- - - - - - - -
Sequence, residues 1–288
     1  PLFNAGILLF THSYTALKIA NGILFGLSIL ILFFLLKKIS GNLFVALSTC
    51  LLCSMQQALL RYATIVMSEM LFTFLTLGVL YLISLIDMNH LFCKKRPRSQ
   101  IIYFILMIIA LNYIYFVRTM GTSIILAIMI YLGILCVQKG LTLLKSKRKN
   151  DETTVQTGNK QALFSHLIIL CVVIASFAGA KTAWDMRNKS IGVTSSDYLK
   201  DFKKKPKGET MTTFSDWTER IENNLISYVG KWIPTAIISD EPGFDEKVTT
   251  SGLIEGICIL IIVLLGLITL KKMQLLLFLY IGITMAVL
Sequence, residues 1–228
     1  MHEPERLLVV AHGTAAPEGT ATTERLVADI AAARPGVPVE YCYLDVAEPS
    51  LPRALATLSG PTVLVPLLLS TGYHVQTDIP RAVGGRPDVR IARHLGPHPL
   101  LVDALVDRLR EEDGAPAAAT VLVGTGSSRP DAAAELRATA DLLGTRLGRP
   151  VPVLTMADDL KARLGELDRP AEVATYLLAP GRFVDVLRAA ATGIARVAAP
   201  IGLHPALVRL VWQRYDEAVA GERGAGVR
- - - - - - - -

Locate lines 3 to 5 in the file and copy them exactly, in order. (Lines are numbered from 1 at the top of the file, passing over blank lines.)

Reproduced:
    51  LLCSMQQALL RYATIVMSEM LFTFLTLGVL YLISLIDMNH LFCKKRPRSQ
   101  IIYFILMIIA LNYIYFVRTM GTSIILAIMI YLGILCVQKG LTLLKSKRKN
   151  DETTVQTGNK QALFSHLIIL CVVIASFAGA KTAWDMRNKS IGVTSSDYLK